The tributes were pitched perfectly. Giant shirts had been created and signed and were walked out. Abide With Me was sung by our regular opera singer. I think we were supposed to join in. I couldn’t and neither could anyone else. Flowers were laid by representatives of each club. A minutes applause was held at the request of the families, something I found easier to get through than the silence at the bridge.

I have never, ever been more proud to be a Brighton fan. Not when we were chasing out Archer and Bellotti or on the pitch versus York. Not when I saw us running out (on telly) at Wembley in 1983 to play Manchester United, nor when we ran back out at Withdean, survived Hereford or finally moved in to The Amex. All of those moments are iconic but none have displayed the dignity and togetherness of yesterday. Paul Barber, Tom Gorringe, Brett Mendoza, Mike Langridge, Tony Bloom, Chris Hughton, Richard Reynolds and everyone else involved in making it happen, take a bow.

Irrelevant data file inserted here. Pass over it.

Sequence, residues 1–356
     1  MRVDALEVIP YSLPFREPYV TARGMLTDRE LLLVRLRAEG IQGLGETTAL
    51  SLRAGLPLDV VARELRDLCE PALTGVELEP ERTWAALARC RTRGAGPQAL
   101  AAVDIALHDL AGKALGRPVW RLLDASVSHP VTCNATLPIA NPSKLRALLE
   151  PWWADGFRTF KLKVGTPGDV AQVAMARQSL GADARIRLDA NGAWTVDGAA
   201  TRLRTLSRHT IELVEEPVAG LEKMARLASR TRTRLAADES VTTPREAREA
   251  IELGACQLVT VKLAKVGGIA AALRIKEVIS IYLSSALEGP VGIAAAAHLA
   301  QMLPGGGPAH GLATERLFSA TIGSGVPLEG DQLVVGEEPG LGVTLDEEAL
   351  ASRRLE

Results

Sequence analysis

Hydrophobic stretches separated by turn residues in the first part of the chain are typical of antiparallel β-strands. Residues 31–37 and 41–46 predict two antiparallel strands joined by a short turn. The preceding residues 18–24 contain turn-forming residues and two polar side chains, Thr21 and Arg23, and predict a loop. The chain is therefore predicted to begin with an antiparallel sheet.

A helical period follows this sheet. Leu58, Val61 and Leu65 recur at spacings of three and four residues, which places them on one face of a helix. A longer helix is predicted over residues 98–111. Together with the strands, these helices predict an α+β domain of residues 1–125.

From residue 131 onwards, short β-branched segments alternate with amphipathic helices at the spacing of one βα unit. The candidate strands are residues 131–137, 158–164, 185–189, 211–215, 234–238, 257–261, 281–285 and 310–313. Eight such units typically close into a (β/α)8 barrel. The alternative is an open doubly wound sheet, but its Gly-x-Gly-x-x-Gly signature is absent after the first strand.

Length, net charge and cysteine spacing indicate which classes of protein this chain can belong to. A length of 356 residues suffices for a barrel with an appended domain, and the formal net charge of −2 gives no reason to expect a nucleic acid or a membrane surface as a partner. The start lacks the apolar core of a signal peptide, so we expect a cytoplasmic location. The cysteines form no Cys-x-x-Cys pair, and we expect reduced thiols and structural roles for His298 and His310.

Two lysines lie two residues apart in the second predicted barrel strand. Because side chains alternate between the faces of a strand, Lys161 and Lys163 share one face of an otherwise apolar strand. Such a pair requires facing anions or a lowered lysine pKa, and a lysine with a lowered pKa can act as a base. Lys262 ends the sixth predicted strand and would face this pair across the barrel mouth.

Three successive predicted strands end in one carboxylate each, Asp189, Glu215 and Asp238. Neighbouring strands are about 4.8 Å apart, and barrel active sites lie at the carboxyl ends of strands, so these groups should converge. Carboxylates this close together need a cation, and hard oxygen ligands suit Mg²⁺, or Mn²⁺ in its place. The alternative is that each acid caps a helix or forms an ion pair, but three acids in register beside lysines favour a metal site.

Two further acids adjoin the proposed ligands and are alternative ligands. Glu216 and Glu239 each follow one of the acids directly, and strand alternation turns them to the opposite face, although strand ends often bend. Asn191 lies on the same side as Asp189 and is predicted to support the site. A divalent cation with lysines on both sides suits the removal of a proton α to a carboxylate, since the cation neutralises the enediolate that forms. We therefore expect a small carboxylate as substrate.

The game? Oh yeah, there was that. After everything else it went by in a blur. I can’t adequately describe it which is why I  have focussed on the other stuff. We started like an express train and were up after four minutes, Tomer Hemed putting in from close range after a quick move (though the goal was initially credited to Baldock over the tannoy). We should have been ahead by even more just a few minutes later, an absolute sitter missed after good work on our right. For twenty odd minutes we looked unstoppable. Then Hull came back in to it and dominated the ball, ensuring that, for a change this season, it would be our defensive organisation that saved us. Hull had lots of possession but no real chances. At the end we were still 1-0 up and four points clear at the top. We celebrated like we’d won the league itself.